1. Forecasts are notoriously inaccurate but are predictive of eventual sales.
Lecture 5b Scoop Example
  1. Based on feedback, geometry etc.
Lecture 5c: Innovation Tournaments
  1. “Innovation” is a new match between a solution and a need
    1. Design: conceiving and giving form to artifacts that solve problems
    2. Innovation may result from other approaches (besides designs).
    3. Innovation can begin with a solution and then find a need– e.g., Teflon
  2. Innovation Tournament
    1. toothbrush handle concepts
      1. made several dozen pencil sketches
      2. then balsa model shapes
        1. which team tried out in their hands
      3. then they made 5 prototypes which they tested with consumers
Unknown-4 Unknown-3
  1. Tournaments not limited to design
    1. Simvastatin example
    2. how do you identify the exceptional opportunity without going out of business from the cost and expense of looking at all alternatives?
  2. Open Tournaments – identified by public at large
    1. Kelly Clarkson example- American Idol
    2. OTher design tournaments:
      1. 99Designs
      2. Threadless
      3. Quirky
      4. X-prize
Lecture 6b Introduction to Aesthetics in Desgin
  1. Tesla roadster aesthetic response
    1. to sensory info, mostly visual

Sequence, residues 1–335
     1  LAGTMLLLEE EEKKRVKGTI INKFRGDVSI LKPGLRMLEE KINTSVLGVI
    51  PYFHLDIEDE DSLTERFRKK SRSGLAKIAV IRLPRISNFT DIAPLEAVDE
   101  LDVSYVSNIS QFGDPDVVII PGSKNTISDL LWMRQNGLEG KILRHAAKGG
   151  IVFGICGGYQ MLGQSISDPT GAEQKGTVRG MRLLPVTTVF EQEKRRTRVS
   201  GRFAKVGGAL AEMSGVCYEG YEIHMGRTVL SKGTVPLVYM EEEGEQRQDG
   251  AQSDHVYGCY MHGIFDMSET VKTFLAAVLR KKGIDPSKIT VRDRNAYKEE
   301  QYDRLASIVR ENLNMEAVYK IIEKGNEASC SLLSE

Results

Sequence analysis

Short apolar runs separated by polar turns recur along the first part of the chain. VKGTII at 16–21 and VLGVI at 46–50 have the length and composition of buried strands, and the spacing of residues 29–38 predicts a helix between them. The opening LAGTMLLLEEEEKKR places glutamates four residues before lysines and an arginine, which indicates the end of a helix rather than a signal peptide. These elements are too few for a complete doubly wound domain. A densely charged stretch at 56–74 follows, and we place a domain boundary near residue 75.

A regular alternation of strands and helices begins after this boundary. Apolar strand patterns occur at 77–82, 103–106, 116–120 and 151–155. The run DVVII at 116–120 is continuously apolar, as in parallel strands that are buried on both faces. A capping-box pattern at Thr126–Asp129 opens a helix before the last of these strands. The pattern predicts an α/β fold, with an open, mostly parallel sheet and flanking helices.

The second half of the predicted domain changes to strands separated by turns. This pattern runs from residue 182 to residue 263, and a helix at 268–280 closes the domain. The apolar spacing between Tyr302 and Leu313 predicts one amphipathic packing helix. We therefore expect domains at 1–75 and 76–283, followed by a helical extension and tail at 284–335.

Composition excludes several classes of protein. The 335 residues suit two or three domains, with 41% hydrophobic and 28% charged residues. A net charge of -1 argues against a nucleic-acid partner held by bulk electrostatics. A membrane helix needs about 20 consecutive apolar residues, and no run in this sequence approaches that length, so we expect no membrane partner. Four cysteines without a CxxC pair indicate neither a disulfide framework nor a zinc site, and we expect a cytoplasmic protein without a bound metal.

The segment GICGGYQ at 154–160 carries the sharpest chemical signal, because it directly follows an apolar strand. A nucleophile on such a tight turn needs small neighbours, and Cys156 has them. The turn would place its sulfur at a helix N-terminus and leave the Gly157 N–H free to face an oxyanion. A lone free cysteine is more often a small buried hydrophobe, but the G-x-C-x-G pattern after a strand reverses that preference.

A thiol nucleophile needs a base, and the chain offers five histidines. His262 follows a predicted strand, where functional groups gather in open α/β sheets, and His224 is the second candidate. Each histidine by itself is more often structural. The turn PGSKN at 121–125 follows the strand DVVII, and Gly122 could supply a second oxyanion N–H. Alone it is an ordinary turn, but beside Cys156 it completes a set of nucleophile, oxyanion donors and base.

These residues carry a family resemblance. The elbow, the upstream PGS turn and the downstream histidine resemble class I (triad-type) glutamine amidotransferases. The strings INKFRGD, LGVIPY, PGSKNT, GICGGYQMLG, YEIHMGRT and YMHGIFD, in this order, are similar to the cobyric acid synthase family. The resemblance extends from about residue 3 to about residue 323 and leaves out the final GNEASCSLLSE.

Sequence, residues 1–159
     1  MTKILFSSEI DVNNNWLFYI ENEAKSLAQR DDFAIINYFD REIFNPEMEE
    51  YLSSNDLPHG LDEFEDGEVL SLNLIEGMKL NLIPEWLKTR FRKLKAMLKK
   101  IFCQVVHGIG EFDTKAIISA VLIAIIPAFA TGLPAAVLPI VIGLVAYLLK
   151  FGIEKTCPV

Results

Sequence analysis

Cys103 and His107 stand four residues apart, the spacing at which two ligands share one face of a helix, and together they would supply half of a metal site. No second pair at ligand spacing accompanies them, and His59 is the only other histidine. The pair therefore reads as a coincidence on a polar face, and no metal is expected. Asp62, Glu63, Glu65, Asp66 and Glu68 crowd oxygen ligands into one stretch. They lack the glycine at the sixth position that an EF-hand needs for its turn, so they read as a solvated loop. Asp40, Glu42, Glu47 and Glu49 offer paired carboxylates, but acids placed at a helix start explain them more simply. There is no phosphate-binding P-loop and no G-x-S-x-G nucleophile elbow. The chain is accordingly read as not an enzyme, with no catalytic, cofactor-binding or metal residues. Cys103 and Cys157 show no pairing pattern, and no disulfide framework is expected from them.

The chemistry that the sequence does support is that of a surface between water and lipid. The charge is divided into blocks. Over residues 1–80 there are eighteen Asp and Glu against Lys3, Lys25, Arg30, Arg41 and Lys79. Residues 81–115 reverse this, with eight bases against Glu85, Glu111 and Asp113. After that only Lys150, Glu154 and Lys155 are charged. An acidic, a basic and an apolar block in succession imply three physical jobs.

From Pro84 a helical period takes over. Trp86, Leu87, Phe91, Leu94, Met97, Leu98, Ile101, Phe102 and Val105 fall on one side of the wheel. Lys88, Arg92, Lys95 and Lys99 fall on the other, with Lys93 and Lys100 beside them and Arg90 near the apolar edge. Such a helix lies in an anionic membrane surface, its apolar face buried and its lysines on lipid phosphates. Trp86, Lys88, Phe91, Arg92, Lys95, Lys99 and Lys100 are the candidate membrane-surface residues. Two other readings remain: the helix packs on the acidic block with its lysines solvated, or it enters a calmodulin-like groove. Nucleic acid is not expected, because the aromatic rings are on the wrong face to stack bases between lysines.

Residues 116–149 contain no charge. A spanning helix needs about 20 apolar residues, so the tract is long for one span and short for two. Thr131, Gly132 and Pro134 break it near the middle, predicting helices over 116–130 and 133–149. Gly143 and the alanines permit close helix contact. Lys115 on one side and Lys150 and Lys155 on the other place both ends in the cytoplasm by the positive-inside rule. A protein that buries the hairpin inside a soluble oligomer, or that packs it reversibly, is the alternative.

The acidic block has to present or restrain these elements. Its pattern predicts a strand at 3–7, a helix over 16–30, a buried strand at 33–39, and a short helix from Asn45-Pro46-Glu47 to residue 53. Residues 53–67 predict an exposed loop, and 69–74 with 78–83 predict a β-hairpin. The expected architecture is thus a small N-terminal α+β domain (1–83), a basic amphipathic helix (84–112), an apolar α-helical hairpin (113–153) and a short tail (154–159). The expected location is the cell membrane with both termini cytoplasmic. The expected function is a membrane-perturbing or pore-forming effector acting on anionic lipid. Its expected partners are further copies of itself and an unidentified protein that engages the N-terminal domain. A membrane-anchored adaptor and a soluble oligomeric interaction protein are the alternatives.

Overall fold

1. it’s immediate
      2. involuntary
  2. Why do aesthetics matter?
    1. Herman Miller Noguchi Coffee Table
      1. it makes him happy
      2. part of closing the gap, delivers value
    2. first impressions matter when you are trying to attract users
      1. these impressions are sticky and hard to change over time
    3. aesthetics are a signal to unobservable attributes to a product
      1. example of 2 convenience stores in his neighborhood
        1. he uses Mulberry Market and 2nd Street Wholesale– I have had the same exact experience with these actual places
Lecture 6c Theory of Aesthetics
  1. our brains have not changed much in 2-3 million years
  2. our stone age mind responds aesthetically
  1. many different cognitive mechanisms play out simultaneously
  2. not linear
  3. attraction or revulsion– computations happening over many simultaneous inputs
  4. not for minutes or even hours do we think of status, craftsmanship, utility
  5. Example of GLOSS
    1. iPhone 5 – Apple uses gloss effectively. As humans we are attracted to gloss, esp initially
      1. based on evolutionary advantages of being able to detect water